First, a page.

The Internet of Trains: For safety, efficiency and comfort

Particularly for bogies with flattened wheels, the Internet of Trains can bring all-round benefits, writes ZNAPZ CEO Marcel Van Velthoven

The Internet of Things is entering our world more than we realise. Many pieces of equipment today have sensors, supplying us with all kinds of information. Obviously we have internet access on mobile devices such as smart phones, and our mobile devices can make use of this data to tell us, for example, what movements we made today and how that may affect our health. With the growing popularity of health apps, we are rapidly getting used to this.

That a similar “health device” also exists in trains – in bogies, to be very precise – is probably not known to most people. However, with the huge number of passengers using rail transport today (1.65 billion on franchised rail services in the UK in 2015, according to the UK Office of Rail Regulation, and well over 547 million in the Netherlands), we all experience the result of the improved technology.

As I wrote in an earlier article, trains are equipped with many devices, giving us a lot of information about the train’s health and performance. Sensors inside doors indicate their level of wear and tear, and whether they are still able to close safely within the expected amount of time. Sensors in the water basins of toilets indicate if they can still be flushed and hence are clean to be used. This goes on and on.

What are the consequences of wheel flattening?

An important part of the train is the bogie, containing amongst other components the wheels that are in contact with the tracks. It is because of the wheels on the track that trains have a lower resistance and run more efficiently than any other form of transport. However, the wheels of rail vehicles are exposed to high wear and tear. This leads to “flattened wheels”. One can imagine that even the smallest flat surface on a wheel can lead to problems. First it causes the wheel to hit the track instead of rolling across the track, causing track and wheel to endure a higher force and resulting in damage to both elements. But where is this happening, at what speed, with what force, and what are the consequences, short and longer term?

Rail infrastructure companies have extended the track with sensors. These sensors indicate the temperature and pressure of the wheels passing by. This is combined with the load of the train and the temperature of the air. With this set of data, it is possible to identify which wheel on which bogie of which train is flattened and relatively how much. The combination of this data supports the maintenance of the trains and the tracks.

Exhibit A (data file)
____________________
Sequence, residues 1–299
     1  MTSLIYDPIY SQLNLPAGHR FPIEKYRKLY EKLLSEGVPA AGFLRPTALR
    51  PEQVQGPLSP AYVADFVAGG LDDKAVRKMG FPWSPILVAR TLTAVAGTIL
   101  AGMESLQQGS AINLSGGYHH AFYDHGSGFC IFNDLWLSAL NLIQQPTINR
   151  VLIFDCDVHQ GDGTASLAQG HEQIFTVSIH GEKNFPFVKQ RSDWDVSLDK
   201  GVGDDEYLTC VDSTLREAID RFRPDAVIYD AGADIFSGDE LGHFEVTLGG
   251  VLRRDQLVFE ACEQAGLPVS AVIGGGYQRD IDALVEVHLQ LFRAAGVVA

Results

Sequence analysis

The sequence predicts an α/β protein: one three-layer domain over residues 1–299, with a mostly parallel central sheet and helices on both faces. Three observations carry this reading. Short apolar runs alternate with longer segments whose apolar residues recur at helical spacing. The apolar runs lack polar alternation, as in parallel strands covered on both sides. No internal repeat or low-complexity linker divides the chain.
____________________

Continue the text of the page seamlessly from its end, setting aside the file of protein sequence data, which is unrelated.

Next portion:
Automatically, via the ‘Internet of Trains’, a signal can be sent to the train operator, informing them that a specific train has wheels that have a deviation (roundness) that is beyond an acceptable tolerance. This information can be fed back to the maintenance department who can now quickly plan and execute a wheel correction. This prevents further deterioration of the wheels, and because the deviation is detected early, the wheel repair effort is significantly less than if the flattened area had increased. If for any reason a wheel or wheels flatten quickly the train operator can be informed to reduce the speed of this train, lessening further damage to the wheels and the track.

Real-time information on asset health

Wheel flattening is identified earlier than it would be with regular inspections, and this leads to longer life for the track. Also, in severe cases with limited inspection routines, flat wheels can lead to the track breaking, which could ultimately lead to a train derailment with very severe consequences.

An additional benefit is increased comfort for passengers. A flat wheel leads to an uncomfortable ride. There are also lower noise levels for the environment as flat wheels cause significantly more noise than round wheels. This is all because with the Internet of Trains we are able to assess the asset health of the train in real time and take corrective actions early.

Identifying asset behaviour and what is required to make assets behave the optimal way is one of the core competences of ZNAPZ. Identifying which data is required to perform optimal Asset Management and making this data and the required analysis and models available to the asset owner and/or operator is our core business, in which we support rail organisations across the world.

Marcel Van Velthoven

CEO

ZNAPZ

Tel: +31 402668 636

info@znapz.com

www.znapz.com

Please note: this is a commercial profile

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